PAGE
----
Lessons from Ruby Ridge

By Beacon Staff

MARION – When Sara Weaver was 16 years old, federal agents shot and killed her dog, younger brother and mother during a siege in northern Idaho that would grip the nation’s attention for 11 days. A U.S. Marshal also died in the confrontation.

The lives lost at Ruby Ridge are quantifiable – three humans and a dog. But harder to measure is what young Sara Weaver lost that August in 1992. In her childhood cabin, she witnessed her mother crumple to the floor after a gunshot to the head, still clutching a 10-month-old baby. She would spend nine more days hunkered down in that cabin with her mother’s body, uncertain when the bullets might rain again. After it was all over, she would spend a decade in deep depression.

There are things Sara Weaver will never get back from those 11 days on Ruby Ridge. They are lost forever. But Weaver now says there are things she has gained from the horrors, even if it took years to realize them. She has learned about the freedom of forgiveness and the healing of spirituality. These are hard lessons spawned from harsh realities, and she believes they should be shared.

With the 20th anniversary of the Ruby Ridge siege approaching in August, Weaver has been going public with her personal story. Her book, “From Ruby Ridge to Freedom,” is scheduled for release later this summer. She is the oldest daughter of Randy Weaver, the former Green Beret who was the target of the federal authorities’ 1992 siege.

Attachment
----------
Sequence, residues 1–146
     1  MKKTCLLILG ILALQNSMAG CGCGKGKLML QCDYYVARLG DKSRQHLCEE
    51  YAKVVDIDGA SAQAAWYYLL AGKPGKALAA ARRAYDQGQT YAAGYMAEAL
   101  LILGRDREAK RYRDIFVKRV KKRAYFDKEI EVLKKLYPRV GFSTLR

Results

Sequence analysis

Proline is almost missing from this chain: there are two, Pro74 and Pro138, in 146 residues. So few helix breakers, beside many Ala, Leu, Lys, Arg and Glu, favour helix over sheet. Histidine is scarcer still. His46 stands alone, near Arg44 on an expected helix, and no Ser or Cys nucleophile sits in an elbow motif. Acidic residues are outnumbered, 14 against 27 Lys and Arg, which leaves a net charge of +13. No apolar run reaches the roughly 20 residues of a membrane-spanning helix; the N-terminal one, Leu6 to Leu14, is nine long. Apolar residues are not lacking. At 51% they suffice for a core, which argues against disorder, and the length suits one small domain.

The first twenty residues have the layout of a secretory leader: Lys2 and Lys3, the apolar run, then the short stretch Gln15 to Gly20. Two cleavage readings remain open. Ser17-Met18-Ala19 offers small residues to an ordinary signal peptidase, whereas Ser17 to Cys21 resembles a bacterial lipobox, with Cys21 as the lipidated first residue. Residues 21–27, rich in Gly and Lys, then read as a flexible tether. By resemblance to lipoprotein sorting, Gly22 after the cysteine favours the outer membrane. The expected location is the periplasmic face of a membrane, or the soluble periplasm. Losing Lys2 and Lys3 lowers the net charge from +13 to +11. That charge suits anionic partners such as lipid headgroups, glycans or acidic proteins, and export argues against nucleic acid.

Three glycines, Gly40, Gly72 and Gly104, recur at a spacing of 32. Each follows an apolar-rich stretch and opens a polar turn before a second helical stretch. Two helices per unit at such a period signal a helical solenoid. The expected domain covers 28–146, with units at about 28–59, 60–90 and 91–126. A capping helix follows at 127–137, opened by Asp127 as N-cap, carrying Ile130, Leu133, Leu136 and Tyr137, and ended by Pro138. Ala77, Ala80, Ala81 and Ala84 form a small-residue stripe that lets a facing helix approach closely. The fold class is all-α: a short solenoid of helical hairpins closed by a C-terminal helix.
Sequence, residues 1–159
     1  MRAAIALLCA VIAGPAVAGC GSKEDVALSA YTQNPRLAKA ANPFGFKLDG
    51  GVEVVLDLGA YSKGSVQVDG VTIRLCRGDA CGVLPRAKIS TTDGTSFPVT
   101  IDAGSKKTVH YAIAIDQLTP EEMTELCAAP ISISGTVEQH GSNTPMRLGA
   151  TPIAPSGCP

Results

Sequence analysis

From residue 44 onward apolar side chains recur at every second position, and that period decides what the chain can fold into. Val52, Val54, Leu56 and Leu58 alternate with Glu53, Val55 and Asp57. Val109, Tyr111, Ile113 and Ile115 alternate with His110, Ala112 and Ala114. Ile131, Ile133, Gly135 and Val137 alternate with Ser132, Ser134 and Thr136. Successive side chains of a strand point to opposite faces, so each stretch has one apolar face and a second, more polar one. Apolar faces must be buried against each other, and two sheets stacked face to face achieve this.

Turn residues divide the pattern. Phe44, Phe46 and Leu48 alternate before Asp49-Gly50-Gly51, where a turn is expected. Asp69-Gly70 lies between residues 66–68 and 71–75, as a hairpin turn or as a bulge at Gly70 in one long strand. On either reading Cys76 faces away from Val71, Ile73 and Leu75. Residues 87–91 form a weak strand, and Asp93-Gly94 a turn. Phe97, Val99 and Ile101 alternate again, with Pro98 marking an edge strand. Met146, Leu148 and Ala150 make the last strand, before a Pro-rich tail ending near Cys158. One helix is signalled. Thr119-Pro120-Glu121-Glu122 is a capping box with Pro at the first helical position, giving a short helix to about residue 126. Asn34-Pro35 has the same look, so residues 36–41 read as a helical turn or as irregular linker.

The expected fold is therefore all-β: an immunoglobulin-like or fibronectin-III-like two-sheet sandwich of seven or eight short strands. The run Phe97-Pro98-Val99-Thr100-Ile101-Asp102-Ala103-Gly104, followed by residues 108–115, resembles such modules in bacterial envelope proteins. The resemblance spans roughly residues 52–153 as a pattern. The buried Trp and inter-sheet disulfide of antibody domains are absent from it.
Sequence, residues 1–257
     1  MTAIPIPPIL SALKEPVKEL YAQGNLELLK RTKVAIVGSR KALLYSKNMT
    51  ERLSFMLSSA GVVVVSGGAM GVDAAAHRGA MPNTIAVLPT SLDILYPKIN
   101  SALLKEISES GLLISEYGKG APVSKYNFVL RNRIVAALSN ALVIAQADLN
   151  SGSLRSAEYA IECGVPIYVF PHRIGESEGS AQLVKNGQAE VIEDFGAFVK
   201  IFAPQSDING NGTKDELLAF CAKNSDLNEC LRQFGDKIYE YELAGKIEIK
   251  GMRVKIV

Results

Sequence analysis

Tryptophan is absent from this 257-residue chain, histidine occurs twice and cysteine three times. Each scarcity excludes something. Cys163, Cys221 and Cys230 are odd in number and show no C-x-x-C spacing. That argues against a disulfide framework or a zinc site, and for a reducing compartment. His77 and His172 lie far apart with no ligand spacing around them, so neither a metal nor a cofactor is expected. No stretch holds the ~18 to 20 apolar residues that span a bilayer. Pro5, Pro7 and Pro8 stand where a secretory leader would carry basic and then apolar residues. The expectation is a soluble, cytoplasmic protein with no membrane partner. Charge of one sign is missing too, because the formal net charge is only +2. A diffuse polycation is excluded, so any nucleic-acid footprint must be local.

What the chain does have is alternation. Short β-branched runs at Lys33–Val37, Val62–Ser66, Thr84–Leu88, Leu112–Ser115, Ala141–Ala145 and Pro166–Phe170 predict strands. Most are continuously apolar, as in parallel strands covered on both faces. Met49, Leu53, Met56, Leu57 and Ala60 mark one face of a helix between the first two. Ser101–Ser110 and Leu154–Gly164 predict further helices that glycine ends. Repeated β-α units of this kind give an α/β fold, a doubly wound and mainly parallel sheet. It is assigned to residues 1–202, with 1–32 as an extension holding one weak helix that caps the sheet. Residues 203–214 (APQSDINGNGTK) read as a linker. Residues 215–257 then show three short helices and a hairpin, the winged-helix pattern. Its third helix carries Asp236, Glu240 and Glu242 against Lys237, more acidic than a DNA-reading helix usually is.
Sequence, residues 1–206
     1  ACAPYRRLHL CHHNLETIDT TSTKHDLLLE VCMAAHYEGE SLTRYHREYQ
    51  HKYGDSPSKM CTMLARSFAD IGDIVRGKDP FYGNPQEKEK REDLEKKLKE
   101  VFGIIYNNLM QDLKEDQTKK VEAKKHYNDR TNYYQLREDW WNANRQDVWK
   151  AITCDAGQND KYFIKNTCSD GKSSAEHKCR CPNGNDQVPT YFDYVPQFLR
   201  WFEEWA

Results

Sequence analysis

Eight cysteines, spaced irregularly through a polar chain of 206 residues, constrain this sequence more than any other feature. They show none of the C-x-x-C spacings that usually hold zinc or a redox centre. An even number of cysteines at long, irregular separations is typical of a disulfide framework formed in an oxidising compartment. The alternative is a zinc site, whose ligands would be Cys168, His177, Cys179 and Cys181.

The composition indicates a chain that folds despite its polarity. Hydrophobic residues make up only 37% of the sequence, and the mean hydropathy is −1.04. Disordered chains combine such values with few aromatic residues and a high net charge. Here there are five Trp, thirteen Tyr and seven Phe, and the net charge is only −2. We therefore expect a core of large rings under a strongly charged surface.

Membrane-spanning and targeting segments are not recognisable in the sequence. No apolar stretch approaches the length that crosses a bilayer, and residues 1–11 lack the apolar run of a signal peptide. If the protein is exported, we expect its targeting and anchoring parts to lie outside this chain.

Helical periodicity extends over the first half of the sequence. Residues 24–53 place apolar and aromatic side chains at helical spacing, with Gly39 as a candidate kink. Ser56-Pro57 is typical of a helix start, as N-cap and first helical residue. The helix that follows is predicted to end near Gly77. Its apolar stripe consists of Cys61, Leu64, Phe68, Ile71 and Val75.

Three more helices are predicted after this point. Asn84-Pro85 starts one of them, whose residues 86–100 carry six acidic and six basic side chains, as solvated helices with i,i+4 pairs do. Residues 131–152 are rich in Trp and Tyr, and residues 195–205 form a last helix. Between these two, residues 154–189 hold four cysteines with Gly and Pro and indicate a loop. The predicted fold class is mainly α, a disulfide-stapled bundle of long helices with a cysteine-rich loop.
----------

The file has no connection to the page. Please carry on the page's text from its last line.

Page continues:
In deciding to come forward with her story and message of forgiveness, Weaver says she hopes to urge zealots not to use the Ruby Ridge incident as a battle cry for their extremism. Timothy McVeigh cited Ruby Ridge’s role in developing his anti-government views, which led to the 1995 Oklahoma City bombings that killed 168 people.

“A couple of years ago I Googled my name and didn’t like what I saw: a lot of anger, a lot of anti-government,” Weaver said from her Marion home recently. “It’s not the legacy I want to leave my son.”

“Oklahoma City broke my heart,” she continued. “What if Tim McVeigh could have heard my message first?”

In the early 1980s, Randy and Vicki Weaver moved to secluded northern Idaho to escape what they believed to be a corrupted world and imminent apocalypse. Sara was 7 years old at the time. The Weavers purchased 20 acres of land in 1983 and began building their family cabin.

In 1989, Randy was accused of selling two illegal sawed-off shotguns to an undercover agent with the Bureau of Alcohol, Tobacco and Firearms. Leading up to that point, federal investigators had been looking into allegations that Randy had threatened public officials. Investigators had also come to believe he was associated with the Aryan Nations, which he denied though he was an acknowledged white separatist.

A federal grand jury indicted Randy in 1990 for making and possessing illegal weapons. He did not show up at his Feb. 20, 1991 trial and the judge issued a bench warrant for failure to appear. The judge opted not to withdraw the warrant after being informed that Randy had been sent a letter with the incorrect trial date. At that point, Randy became a fugitive and the case was passed over to the U.S. Marshal Service.